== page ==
November 8, 2010 / Art
In 1980 the young artist Jeff Koons presented his first major solo exhibition, a window …
For the past thirty years, I have been interested in the sculptural process of assemblage art. Assemblage is the three-dimensional equivalent of the collage techniques invented by Picasso and Matisse. In assemblage, the artist transforms found objects into sculpture by gluing, soldering, or welding them together. Assemblage creates meaning through the personal, unconscious association of juxtaposed objects.
Recently, I have become intrigued with miniature environments. There is a power in diminutive or altered scale. A miniature is a dubious twin of its giant counterpart. Doppelgangers of real life, miniatures can act out threatening or hopeful scenes without true danger or consequence. In my work, the miniature goes beyond the cute collectable; it threatens the difference between true and false, real and imaginary.
My process involves creating miniature sets or stages that one of my colleagues once likened to the morality plays and paintings of the fifteenth and sixteenth centuries. Like morality plays, my work hints of moral struggle and theatrical allegories, yet nothing is absolute or didactic. Instead, viewers embark on a multi-level journey where discoveries are left to be made rather than imparted.
The assemblage process demands interesting and unusual materials. Sometimes a piece will sit unfinished for a year or more, waiting for the right part to complete it. Some objects in each assemblage are found, whereas others are crafted. I try a variety of objects in various positions until I find the right combination of objects; objects and ideas are placed and replaced, mounted and then dismantled, until the diverse components fit together like an intricate puzzle, “a wonderful puzzle full of secrets” as stage designer Erich Wonder describes his own work.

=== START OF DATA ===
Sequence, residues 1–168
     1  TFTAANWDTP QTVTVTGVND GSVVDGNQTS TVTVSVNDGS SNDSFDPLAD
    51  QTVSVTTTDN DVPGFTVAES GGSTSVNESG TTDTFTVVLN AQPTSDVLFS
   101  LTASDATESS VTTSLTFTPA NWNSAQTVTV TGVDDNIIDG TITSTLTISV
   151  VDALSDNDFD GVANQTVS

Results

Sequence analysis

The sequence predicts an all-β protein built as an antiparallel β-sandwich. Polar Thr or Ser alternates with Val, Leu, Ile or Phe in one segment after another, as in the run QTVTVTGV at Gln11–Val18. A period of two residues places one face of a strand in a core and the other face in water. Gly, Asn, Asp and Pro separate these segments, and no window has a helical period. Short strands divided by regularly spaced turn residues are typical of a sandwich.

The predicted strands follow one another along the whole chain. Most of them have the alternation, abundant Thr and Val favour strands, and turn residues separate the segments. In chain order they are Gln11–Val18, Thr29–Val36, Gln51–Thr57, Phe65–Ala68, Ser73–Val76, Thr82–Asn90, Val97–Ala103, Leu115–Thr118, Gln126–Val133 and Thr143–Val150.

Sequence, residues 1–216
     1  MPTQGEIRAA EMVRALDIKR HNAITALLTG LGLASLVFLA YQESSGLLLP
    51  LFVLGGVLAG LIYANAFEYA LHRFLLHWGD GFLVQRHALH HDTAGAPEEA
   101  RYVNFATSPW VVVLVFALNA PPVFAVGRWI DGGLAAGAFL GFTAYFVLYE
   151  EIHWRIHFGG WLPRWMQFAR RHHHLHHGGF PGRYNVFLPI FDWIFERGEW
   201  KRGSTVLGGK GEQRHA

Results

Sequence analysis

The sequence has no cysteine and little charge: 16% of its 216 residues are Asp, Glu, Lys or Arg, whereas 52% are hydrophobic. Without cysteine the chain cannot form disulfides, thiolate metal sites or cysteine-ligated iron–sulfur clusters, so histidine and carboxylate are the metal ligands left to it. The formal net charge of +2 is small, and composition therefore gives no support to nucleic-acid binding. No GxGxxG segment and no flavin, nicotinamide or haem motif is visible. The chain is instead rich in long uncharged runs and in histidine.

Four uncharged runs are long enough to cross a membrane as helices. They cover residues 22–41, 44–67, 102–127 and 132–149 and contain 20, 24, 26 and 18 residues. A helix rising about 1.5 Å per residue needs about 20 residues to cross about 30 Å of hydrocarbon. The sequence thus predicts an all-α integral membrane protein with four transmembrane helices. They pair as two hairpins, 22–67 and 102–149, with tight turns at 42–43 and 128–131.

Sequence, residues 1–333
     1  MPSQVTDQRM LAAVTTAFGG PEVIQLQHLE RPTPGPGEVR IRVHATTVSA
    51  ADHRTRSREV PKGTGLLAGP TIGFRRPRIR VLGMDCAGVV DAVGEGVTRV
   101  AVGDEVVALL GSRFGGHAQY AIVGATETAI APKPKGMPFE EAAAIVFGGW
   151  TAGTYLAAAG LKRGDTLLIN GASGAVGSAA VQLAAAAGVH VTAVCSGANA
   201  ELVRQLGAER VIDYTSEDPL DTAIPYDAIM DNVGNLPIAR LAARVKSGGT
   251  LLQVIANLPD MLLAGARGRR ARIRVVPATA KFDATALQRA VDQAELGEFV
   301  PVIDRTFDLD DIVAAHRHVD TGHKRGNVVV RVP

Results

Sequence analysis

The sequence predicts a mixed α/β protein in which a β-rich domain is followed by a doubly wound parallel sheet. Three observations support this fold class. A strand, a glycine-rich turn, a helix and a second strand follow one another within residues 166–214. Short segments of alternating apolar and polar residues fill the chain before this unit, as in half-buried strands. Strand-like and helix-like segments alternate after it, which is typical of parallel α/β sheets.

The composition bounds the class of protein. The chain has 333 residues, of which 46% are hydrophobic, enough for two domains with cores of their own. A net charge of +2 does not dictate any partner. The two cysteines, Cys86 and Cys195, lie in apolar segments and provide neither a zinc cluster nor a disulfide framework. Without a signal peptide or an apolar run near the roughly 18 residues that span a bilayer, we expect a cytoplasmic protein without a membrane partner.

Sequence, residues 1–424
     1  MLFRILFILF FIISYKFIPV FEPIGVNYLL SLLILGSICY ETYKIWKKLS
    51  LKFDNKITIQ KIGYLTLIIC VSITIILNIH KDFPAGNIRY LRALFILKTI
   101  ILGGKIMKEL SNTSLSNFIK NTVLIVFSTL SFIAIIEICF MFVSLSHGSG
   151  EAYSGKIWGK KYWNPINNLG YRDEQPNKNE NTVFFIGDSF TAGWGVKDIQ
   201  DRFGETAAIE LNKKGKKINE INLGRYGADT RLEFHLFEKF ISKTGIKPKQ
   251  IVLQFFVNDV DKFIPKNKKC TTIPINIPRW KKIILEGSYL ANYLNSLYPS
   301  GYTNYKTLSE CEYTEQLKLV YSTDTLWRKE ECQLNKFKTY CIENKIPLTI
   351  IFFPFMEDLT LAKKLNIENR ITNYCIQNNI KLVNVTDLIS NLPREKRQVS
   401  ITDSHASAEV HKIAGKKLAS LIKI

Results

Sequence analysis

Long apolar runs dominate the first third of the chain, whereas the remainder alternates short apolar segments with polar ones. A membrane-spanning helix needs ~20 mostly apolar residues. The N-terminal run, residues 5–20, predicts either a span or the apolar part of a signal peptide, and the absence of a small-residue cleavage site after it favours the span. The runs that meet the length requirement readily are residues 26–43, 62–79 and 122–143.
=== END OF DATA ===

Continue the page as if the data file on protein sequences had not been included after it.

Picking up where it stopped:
Much like medieval Christian altarpieces, I rely on narrative qualities and storytelling. However, my stories offer only faint traces of familiar characters and circumstances. Recognizable elements surface like ghostly apparitions but never fully materialize. My works are purposefully ambiguous, derived from partially deconstructed objects that reverberate with meaningful archetypes. Therefore, the narratives I use come peripherally to the viewer, through metaphor and allegory.
Aesthetically my work is grounded in a gritty, lugubrious expressionistic style. My assemblages are filled with materials that have weathered time and are often in a state of ruin. I am drawn to things in the process of accelerated decay, things that generate a sort of eerie, numinous power by the sheer amount of age and use that is seen and felt in the object. These objects vacillate between their original created roles and the new roles they play in my theatrical, constructed worlds. Here the wishes and dreams of inanimate things come alive; the mundane and banal are allowed a chance at something greater. A new kind of life, a new essence, emerges, one that is only possible in the artist’s world.Click here to open Barry Krammes’s exhibit in a resizable browser.
Barry Krammes is a working artist in La Mirada, California, as well as a professor and chair of the art department at Biola University, La Mirada, California. He has exhibited his work regionally and nationally.
Christina Valentine received her MA in art criticism and critical theory at Art Center College of Design in Pasadena. A former professor of art history at Biola University, she has contributed to many art periodicals including Flash Art International, Art/Text, and ArtWeek.